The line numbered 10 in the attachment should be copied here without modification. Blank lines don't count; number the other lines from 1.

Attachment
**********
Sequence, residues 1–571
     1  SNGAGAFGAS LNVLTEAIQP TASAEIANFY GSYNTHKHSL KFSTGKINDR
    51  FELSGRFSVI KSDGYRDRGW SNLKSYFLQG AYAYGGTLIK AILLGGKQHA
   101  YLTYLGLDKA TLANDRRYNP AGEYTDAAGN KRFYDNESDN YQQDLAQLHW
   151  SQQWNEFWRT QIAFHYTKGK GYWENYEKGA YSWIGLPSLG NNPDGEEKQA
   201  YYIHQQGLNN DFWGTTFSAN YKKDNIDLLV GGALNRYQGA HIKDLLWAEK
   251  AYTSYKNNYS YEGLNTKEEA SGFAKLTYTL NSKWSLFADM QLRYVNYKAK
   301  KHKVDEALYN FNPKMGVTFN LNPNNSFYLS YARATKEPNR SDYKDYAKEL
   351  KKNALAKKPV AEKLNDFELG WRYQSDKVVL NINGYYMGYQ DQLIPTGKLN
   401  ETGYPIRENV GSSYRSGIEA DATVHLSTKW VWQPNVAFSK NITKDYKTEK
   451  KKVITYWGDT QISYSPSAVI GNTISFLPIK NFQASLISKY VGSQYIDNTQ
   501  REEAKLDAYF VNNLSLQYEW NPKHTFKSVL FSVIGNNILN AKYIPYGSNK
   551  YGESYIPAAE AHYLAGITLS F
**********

   401  ETGYPIRENV GSSYRSGIEA DATVHLSTKW VWQPNVAFSK NITKDYKTEK